Daniel Radcliffe Won the Part of ‘Harry Potter’ Thanks to Some Strict Casting Rules

Casting a part like Harry Potter needs to be done right. There’s intense scrutiny when you’re dealing with a legendary character from a book and casting for a movie franchise  expected to be a worldwide smash. Finding the child actors to fill the golden trio roles took more than a year, but the casting directors got it right. Apparently, Daniel Radcliffe won the Harry Potter part thanks to a specific set of rules, a little bit of luck, and perhaps a hidden talent.

Daniel Radcliffe at MTV Studios in 2005, years after a strict set of rules helped him win the part of Harry Potter.
Daniel Radcliffe | Michael Loccisano/FilmMagic

Emma Watson and Rupert Grint had unique audition processes

Both Emma Watson and Rupert Grint made their professional acting debuts in Harry Potter and the Sorcerer’s Stone. They didn’t have any experience in movies, TV shows, or large stage productions on their resumes.

Each of them won their roles in unique ways.

Finding Hermione was an unusual process. There was no open audition, according to Watson. Casting directors stopped by her school looking for children who looked the part of Hermione. The directors liked what they saw, and they invited her to be part of the grueling audition process that lasted eight rounds before she won the role.

Grint knew competition for the part of Ron would be fierce. To set himself apart from other interested child actors, he recorded a video in which he performed an original rap listing his vitals (name, height, contact information).

Casting The Boy Who Lived was equally arduous. Radcliffe won the part of Harry Potter because of a strict set of rules (and a little bit of luck).

Strict rules helped Radcliffe win his ‘Potter’ part

Filling all the roles for Harry Potter and the Sorcerer’s Stone took time, but casting director Janet Hirshenson came to the party a bit late. Producers and other casting directors had already been working for more than a year when she joined the team. The field of actors in the hunt to play Ron and Hermione was narrowed down to just a few candidates, as she told HuffPost.

Casting Harry was a different story.

The producers and director Chris Columbus had a specific and strict set of rules, which made finding the perfect Harry as challenging as catching the golden snitch in a thunderstorm:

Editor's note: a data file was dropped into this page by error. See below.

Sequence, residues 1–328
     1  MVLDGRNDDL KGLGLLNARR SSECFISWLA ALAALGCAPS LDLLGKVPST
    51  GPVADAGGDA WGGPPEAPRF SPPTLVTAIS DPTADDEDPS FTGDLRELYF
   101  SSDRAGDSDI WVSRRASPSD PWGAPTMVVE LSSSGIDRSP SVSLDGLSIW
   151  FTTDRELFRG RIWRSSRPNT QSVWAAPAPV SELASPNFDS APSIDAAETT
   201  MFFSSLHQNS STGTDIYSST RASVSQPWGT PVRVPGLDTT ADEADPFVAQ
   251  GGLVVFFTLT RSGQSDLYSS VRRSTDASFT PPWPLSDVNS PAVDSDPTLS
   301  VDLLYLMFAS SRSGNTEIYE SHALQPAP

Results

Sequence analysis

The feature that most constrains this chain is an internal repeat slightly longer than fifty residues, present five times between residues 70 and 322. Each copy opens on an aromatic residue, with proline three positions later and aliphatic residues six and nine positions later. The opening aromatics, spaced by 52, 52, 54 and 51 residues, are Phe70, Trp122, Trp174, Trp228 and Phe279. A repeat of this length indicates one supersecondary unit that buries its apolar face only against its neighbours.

• Columbus wanted to avoid casting famous kids.
  • The actor who played Harry (as well as the other main characters) had to be British.
  • Whoever was to play Harry needed to be the same age as the character, so 11 or 12 years old.
  • The actor playing Harry had to have blue or green eyes, which ruled out strong candidates who had dark eyes.

Radcliffe checked all those boxes, but it also took a little luck to get him to audition. 

Radcliffe was on the radar, but as Hirshenson told HuffPost, Radcliffe’s interest in the part waned the longer the process lasted. But producer David Heyman encountered Radcliffe and his dad in public one night and encouraged Radcliffe to audition. He did, and he strengthened his chances to win the part. Then he put his gravitas on display in screen tests and sealed the deal. “We all came back and all said Daniel,” Hirshenson said.

The strict rules helped Radcliffe win Potter, and a bit of luck helped the producers keep him in the running.

A secret talent he showed during auditions might have also helped Radcliffe win the role of Harry

The way Radcliffe tells it, he unleashed a secret talent during his audition process that won over Columbus. He played the Match of the Day (a long-running BBC soccer program) theme song on his cheeks with his hands. Radcliffe called it “a bit like a primitive version of playing the spoons,” but Columbus loved it. 

“Chris Columbus, at the end of that, said, ‘If that doesn’t get you the part, nothing will,’” Radcliffe said. “And it did!”

The strict casting rules and a little bit of luck helped Radcliffe win his Harry Potter role. The first movie started a string of box office smashes, he quickly became a star, and he soon had to deal with the side effects of fame.

Whether it was playing his cheeks, a bit of serendipity, or perfectly fitting into the rules casting directors had to follow, Radcliffe won the Potter part and changed his life forever.

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